The Natural Perfume Glossary compiled by Justine Crane & NPA

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An Absolute is a prepared perfume material. Absolutes are highly concentrated, entirely alcohol soluble and usually liquid perfume materials. They are obtained by alcohol extraction of concretes or other hydrocarbon types of extracts or from fat extracts of plant material.

[Pic: Jasmine concrete from Jasmine grandiflorum.]

Entry link: Absolute


(See Chord) Musical reference relating to a chord; usually two or more essences combined to create a scent with its own character and distinctive scent; harmonization and balance within a blend of essences.

Entry link: Accord


The intention of acquiring [a sale] through the devaluation of the oil in relation to the labeling of it's container. (Stephen Arctander)
Entry link: Adulteration

Agar oil

This oil is water-distilled from fungus-infected wood of the tree Aquilaria Agallocha, growing in northeastern India. The tree is also found in China and Vietnam. 

Entry link: Agar oil

Agleia Odorata

An essential oil distilled from the seeds of this tree which grows in India, Indonesia and China. The fragrant flowers are used in tea. 

Entry link: Agleia Odorata


Ajowan oil is steam distilled from the fruits, seeds and sometimes from the whole plant of Ptychotis Ajowan, also known as carum Ajowan or Carum Copticum. The plant is native to India and the West Indies. 

Entry link: Ajowan


perfume medium, diluent, solvent or carrier for a perfume composition; in natural perfumery, 190 proof organic grape or grain alcohol is preferred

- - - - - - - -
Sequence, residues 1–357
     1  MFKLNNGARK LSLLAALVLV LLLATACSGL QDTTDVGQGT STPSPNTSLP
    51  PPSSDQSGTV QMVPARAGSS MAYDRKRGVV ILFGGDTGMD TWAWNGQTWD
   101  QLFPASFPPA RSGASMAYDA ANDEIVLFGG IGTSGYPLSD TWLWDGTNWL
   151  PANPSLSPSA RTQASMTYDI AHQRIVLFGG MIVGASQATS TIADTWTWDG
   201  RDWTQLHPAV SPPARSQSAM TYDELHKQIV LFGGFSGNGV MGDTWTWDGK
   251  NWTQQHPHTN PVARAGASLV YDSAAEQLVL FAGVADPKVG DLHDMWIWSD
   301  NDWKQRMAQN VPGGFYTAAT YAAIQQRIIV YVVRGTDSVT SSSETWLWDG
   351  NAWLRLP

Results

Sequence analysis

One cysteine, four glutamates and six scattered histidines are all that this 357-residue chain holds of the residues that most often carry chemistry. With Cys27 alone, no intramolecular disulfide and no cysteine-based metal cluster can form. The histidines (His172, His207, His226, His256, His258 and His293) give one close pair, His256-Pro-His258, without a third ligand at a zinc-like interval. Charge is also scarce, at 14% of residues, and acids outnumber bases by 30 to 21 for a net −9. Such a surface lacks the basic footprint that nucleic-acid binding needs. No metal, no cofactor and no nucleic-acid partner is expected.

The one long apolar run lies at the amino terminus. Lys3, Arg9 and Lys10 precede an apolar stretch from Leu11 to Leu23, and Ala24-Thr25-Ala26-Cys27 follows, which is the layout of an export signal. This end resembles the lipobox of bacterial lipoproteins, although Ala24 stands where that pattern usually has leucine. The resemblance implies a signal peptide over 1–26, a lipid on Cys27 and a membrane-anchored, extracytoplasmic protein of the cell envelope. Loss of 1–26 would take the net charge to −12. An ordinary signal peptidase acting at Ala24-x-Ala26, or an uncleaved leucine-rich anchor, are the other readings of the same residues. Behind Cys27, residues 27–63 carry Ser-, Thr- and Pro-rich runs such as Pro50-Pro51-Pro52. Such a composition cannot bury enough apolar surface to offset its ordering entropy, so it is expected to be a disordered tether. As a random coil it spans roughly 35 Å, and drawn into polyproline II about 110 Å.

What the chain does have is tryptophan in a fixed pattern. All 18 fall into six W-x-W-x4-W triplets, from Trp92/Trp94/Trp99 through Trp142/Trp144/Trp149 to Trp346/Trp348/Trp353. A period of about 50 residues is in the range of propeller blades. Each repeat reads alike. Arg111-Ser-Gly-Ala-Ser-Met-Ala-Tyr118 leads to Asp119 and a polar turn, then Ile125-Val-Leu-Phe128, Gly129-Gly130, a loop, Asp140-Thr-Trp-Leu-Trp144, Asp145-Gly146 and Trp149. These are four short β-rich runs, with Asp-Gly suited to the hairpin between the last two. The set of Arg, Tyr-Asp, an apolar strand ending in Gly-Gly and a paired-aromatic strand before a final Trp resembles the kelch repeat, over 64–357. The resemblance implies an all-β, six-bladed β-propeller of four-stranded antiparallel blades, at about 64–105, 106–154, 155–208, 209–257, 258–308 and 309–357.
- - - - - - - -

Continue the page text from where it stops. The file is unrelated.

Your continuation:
Entry link: Alcohol

Almond bitter unrectified

Almond, bitter unrectified prunus amygdalus v. amara (toxic) – 3.0000% in perfume concentration

Entry link: Almond bitter unrectified


Warm, powdery note in a perfume composition, usually obtained through the combination of benzoin, labdanum, vanilla and other similar aromatic oils.

Entry link: Amber


Ambra is another name for Ambergris. Ambergris is excreted from the stomach of the cachalot whale (sperm whale). The Ambra is the result of a pathological condition caused by irritation of the whales stomach walls due to the whales ingestion of squid beaks. 

Entry link: Ambra

Ambrette Seed

Ambrette seeds come from the plant Hibiscus Abelmoschus. The essential oil is produced from the seed.  Also available is a solvent extraction or concrete, the absolute and also a tincture extract.  The material blends excellently with sandalwood, rose and neroli. Ambrette seed is known for its "exhalting" effect on perfume. 

Entry link: Ambrette Seed

Amyris Oil

Amyris oil is steam distilled from the wood of the Amyris Balsamifera tree, also called West Indian Rosewood.  It's odor is woody and sweet with peppery top note. 

Entry link: Amyris Oil

Anethum Sowa

Not often heard of in countries other than India and Japan. The essential oil is steam distilled from the fruit or seeds of a wild dill. The interesting thing is that the odor is different to the european dill and the american dill. The oil of Anethum Sowa is more parsley like compared to the european and us versions that is more like caraway. 

Ref: Steffen Arctander; Perfume and Flavors of Natural Origin 

Entry link: Anethum Sowa

Angelica root

Angelica root angelica archangelica